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Marina Abramovic’s latest opera will be shown on giant screens in London

20201109 Marina Abramovic Willem Dafoe
Marina Abramovic and Willem Dafoe in “The Seven Deaths of Maria Callas” on stage at Munich Bavarian State Opera. Image: Outernet Arts and Marina Abramovic Institute.

The Serbian-American performance star never ceases to surprise. After her Munich opera performance of “The Seven Deaths of Maria Callas,” Marina Abramovic is turning to a less traditional venue for her next presentation in London: giant screens in a venue in the heart of the capital of the United Kingdom.

Abramovic will present her new version of “The Seven Deaths of Maria Callas” in 2021, in which she pays tribute to the American-born Greek soprano by highlighting seven tragic destinies she interpreted while alive.

“For 31 years, I have wanted to make a work dedicated to the life and art of Maria Callas. I have read all of her biographies, listened to her extraordinary voice and watched her on film. A Sagittarius, like me, I have always been fascinated by her personality, her life — and her death. Like so many of the characters she created on stage, she died for love,” Abramovic delcared about Callas.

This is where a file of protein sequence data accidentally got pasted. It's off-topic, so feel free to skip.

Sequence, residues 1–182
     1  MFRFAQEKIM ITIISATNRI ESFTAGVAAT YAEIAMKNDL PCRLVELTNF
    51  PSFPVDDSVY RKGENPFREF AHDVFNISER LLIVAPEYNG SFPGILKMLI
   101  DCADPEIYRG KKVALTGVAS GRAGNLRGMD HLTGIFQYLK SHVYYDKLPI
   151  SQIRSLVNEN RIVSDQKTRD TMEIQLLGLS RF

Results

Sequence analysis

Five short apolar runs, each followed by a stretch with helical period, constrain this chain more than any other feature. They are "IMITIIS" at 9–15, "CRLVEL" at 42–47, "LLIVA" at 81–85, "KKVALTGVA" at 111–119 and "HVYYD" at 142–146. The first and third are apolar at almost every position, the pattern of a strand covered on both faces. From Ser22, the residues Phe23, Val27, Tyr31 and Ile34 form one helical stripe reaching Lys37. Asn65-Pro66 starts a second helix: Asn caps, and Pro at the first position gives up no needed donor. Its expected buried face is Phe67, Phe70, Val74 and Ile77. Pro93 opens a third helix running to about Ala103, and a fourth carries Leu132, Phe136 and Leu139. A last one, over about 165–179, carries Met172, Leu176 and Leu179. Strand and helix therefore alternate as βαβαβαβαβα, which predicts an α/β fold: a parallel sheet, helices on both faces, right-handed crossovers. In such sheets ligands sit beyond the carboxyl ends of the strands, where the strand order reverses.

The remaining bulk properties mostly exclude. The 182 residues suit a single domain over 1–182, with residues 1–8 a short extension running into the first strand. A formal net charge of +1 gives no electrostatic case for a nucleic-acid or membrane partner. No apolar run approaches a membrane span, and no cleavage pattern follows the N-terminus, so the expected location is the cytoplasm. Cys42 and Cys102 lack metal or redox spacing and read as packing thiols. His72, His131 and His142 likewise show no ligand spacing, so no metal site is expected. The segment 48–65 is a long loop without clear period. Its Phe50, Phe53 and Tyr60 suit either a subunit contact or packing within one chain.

The new presentation of “The Seven Deaths of Maria Callas” will be part of a new visual art program launched by Marco Brambilla in a new 2,000-square-meter London venue and will also coincide with the opening of the exhibition at the Royal Academy of Arts dedicated to Serbian-American artists’ works, between September and December 2021.

A new Turbine Hall?

Located right at the entrance of the Tottenham Court Road station, the new building that will host the opera was designed by Outernet, a company that presents itself as “a global media and entertainment business comprising connected city-center districts where music, film, art, gaming and retail experiences come to life in new breathtaking ways.

Giant floor-to-ceiling screens will turn this location into “the largest capacity entertainment venue in London since the 1940s with the highest resolution screens of anywhere in the world.”

“The Outernet Arts program has at its heart a desire to create an intimacy between the viewer and the artist while presenting work on an unprecedented scale using state-of-the-art technology,” explained Marco Brambilla in a press release.

In an interview with The Guardian, the Italian visual artist compared this new venue to Tate Modern’s Turbine Hall, which presented the works of American artist Kara Walker last year.

“At this scale I don’t think there is anything like this in the world which is so exciting…Think of those epic installations which we all remember like Olafur Eliasson’s Weather Project and Bruce Nauman’s sound installation. The ambition of it is to create a series of installations similar to that,” he told the British daily. CC

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